2) What do you think is different about Poco in comparison to other tapas restaurants in Bristol?

Our styles and our atmosphere. Our food is not authentic Spanish tapas, but tapas inspired by a wider Latin and Moorish cuisine – with a British twist. Our menu is made up of only the freshest seasonal produce sourced from local farms.

The atmosphere at Poco is full of warmth and carries an exciting buzz. We care about what we are trying to achieve and we’re careful to hire people with a true warmth and sincerity. We’re building a natural family unit, which, we hope, passes a whole lot of love onto our customers.

3) Would you say that Poco has a particular ethos towards food and the food industry? 

Most definitely. We’re passionate about minimising our impact on the environment and supporting the local economy as much as possible. Our food and ingredients are chosen for their traceability. We buy directly from farms and producers wherever possible, because of the close relationships and trust that creates.

Because of this, our ingredients are always evolving to reflect what is at it’s best and of the moment. Our menu is very much veg-centric but the meat and fish that we do buy comes only from ethical sources. Our meat will always be free-range and the fish we choose to put on our menu is graded ‘safe to eat’ by the Marine Conservation Society.

It’s not just about the sourcing of food, but what happens to it as a waste product. We weigh every single bag of waste that leaves the restaurant so we know exactly how many kilos of food waste we produce (which we split between prep waste and plate waste) so we can understand best how to reduce it.

Our chefs use a nose-to-tail and root-to-fruit policy in the kitchen to ensure the whole animal or vegetable is used. Our front of house team also advise customers on the appropriate number of plates to order and they offer doggy bags when guests can’t finish their meal.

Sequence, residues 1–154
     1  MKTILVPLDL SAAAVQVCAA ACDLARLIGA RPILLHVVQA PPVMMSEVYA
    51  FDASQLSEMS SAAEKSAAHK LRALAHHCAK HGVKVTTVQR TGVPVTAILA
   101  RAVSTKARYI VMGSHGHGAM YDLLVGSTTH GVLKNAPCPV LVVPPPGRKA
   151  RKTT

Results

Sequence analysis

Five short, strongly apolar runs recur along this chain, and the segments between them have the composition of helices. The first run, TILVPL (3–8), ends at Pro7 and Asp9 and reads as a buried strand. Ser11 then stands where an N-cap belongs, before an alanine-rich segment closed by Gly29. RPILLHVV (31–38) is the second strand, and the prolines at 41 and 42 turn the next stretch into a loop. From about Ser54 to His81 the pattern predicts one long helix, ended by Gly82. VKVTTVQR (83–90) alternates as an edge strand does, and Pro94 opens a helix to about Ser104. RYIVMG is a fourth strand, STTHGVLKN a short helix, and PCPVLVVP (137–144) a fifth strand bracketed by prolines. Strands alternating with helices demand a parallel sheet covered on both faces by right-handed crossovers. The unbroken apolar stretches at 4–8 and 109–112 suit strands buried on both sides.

4) Is sustainability important to you and how would you say you incorporate this into your business?

We were awarded Sustainable Restaurant of the Year in 2016 and we are constantly striving to improve our standards. We are trying to move on from just behaving sustainably, to behaving in a way that is regenerative for both the environment and society. We’re doing this by supporting suppliers with regenerative practices and supporting the local community to create positive change. Behaving sustainably is at the core of what Poco is about.

We obviously want to provide our customers with the tastiest food and drink and give them a space to relax, but every single decision that goes into making that happen is carefully considered to ensure we are reducing our impact on the environment. We monitor our sourcing, energy consumption, staff well being, and community engagement on a regular basis to ensure we are doing our best.

5) How did you come up with the idea? 

Tom had been running the festival stalls, Poco Morocco and The Shisha Lounge, for many years when Ben and I came on board to help with one year. We made a great team and decided to set up in bricks and mortar on Stokes Croft in 2011. We evolved the offering from the posh wraps at festivals to a style of tapas that was inspired by the same flavours but with strictly British ingredients.

6 ) Who is your clientele?